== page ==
The recent UN General Assembly (UNGA) address of President Bongbong Marcos where he mentioned about the effects of climate change is very alarming. He said: “Those who are least responsible suffer the most. The Philippines, for example, is a net carbon sink, we absorb carbon dioxide than we emit. And yet, we are the 4th most vulnerable country to climate change.”
Coincidentally, super typhoon Karding (Noru) made landfall over the Polillo islands of Quezon province last Sunday and causing floods in Central Luzon, specifically in Bulacan province.
I’m happy that the president included the issue of ‘Climate Change’ in his speech. At the start of the campaign period for the national election, I called the attention of the candidates for president, vice president and senator on their stand on the 17 United Nations Sustainable Development Goals (SDGs). I also highlighted that the term of the next administration, 2022 to 2028, will be critical to the achievement of the goals by 2030, the year the UNGA has targeted when it launched the SDGs in 2015.
Actually, the Philippines through the National Economic and Development Authority (NEDA), has integrated the SDGs into the Philippine Development Plan (PDP), 2017-2022. The attainment of the SDGs supposedly in 2030 should pave the way for the achievement of AmBisyon Natin 2040 as per NEDA. Calling the new NEDA head, Secretary Arsenio Balisacan, to update us, please.
The most popular Goal is No. 13 on Climate Change. In fact, US President Joe Biden created a position for ex-Secretary of State John Kerry as Special Presidential Envoy for Climate, who also sits in the National Security Council. Perhaps President Marcos should also appoint a Climate Change Ambassador. An ambassador is technically described as a representative or promoter of a specified activity.
Goal 13 states that “climate change is now affecting every country on every continent. It is disrupting national economies and affecting lives, costing people, communities, and countries dearly today and even more tomorrow.”
On April 25, 2016, the Philippines, along with 174 countries, signed the Paris Climate Agreement. The agreement is a legally binding international treaty on climate change. It was adopted by 196 Parties at COP 21 in Paris, on December 12, 2015 and entered into force on November 4, 2016. Its goal is to limit global warming to well below 2, preferably to 1.5, degrees Celsius compared to pre-industrial levels.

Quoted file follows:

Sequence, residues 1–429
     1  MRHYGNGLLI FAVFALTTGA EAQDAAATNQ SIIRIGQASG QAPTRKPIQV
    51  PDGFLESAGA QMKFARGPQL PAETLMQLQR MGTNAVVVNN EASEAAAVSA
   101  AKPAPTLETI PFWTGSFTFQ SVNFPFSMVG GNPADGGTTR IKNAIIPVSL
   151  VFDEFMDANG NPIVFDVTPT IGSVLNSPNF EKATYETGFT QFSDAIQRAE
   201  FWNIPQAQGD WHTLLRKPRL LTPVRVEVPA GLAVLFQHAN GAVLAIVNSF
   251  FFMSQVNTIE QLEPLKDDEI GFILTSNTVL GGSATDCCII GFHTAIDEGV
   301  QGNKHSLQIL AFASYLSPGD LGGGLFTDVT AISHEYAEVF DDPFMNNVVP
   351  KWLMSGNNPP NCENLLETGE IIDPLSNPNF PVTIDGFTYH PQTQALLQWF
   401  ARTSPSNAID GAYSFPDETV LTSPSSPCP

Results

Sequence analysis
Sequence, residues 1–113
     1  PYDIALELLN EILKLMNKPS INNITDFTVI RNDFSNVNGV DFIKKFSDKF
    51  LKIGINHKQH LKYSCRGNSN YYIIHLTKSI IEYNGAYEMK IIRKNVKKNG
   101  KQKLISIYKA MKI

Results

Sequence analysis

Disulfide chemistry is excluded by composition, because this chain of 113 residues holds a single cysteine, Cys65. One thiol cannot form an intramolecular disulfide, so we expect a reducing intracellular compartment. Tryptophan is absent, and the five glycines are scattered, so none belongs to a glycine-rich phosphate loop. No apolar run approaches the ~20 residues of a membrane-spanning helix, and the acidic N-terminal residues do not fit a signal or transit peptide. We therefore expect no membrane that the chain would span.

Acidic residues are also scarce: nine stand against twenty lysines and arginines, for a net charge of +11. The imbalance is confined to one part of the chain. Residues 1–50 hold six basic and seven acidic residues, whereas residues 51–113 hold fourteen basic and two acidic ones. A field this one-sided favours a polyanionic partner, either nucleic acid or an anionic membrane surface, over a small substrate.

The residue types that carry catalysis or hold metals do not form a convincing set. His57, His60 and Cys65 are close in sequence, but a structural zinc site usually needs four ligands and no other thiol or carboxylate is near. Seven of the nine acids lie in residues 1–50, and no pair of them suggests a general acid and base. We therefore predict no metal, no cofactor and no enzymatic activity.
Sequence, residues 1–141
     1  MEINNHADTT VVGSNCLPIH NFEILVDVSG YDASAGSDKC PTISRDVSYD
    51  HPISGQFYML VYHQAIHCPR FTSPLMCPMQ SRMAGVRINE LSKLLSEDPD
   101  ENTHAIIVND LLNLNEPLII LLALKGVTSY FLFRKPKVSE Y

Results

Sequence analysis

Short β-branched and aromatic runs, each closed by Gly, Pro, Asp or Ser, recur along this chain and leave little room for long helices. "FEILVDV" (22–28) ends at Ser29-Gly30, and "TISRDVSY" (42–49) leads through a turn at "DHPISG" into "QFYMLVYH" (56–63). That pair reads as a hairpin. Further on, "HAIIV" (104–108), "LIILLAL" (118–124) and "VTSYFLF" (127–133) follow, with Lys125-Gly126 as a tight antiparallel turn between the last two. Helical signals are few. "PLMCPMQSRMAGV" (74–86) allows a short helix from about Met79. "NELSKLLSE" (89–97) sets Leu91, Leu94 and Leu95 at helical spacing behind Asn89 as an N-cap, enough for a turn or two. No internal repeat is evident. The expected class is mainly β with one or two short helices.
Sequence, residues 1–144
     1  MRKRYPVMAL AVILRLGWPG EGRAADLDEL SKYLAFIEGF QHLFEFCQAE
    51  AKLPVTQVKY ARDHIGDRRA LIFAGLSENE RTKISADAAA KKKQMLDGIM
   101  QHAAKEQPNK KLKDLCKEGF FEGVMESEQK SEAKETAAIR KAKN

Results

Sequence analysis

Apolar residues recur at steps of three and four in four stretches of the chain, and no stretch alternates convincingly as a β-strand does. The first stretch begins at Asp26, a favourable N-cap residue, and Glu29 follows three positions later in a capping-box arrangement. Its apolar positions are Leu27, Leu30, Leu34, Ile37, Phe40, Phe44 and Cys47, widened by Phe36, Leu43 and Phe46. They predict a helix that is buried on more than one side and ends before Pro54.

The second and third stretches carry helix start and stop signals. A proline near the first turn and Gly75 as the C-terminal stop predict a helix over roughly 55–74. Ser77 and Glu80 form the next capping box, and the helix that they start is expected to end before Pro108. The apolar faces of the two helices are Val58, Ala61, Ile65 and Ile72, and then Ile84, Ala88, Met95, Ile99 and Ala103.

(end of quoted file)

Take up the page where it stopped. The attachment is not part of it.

On February 15, 2019, NEDA posted on its SDG website about the project by the Department of Science and Technology-Philippine Atmospheric and Geophysical, Astronomical Services Administration (DOST-PAGASA) to develop an enhanced flood early warning system (FEWS), and to boost the capacity of mandated agencies to monitor and manage the worsening problem of flooding in Metro Manila. NEDA said the project would contribute in strengthening the resilience and adaptive capacity of communities and ecosystems to climate-related hazards and natural disasters by providing timely and accurate disaster and climate information that will support risk-informed planning, particularly at the local level. Can someone from NEDA update us on the status of this project?
“We call on industrialized countries to immediately fulfill their obligations under the United Nations Framework Convention on Climate Change and the Paris Agreement to cut their greenhouse gas emissions, provide climate financing and technology transfer for adaptation for the most vulnerable and developing countries to lead by example. We look forward to concrete outcomes at the Conference of Parties in Egypt later this year,” added President Marcos in his UNGA address.
We, too, dear readers of The Global Filipino Magazine can contribute to the reduction of greenhouse gas emissions by taking the efficient public transport system of the UAE, specifically in Dubai. And rather than drive our own vehicles alone we can share rides or take the company-provided shuttles. There are a hundred more things we can do to protect our environment. One small act will be a giant leap to preserve Mother Earth.
Note: Art ‘Popoy’ Los Banos is a 21-year Dubai resident with his wife, broadcast journalist Rachel Salinel. He is in charge of Corporate Communications of the fully integrated energy logistics service provider Tristar Group, where he is the only Filipino in the senior management team. He was the former 2008 Philippine Independence Day (PID) organizing committee chairman in Dubai and the Northern Emirates. Art ‘Popoy’ and Rachel were named as one of the Most Influential Filipinos in the Gulf for four years by Illustrado Magazine. In December 2019, he received the Philippine Pride Awards in Public Relations from the Philippine Business Council-Abu Dhabi chapter for his ‘exemplary leadership and tireless efforts to continuously support, boost and campaign for excellence to uplift the Filipino image.’ Recently in June this year, Art ‘Popoy’ was named as one of the Philippines’ Top 30 Leaders on LinkedIn.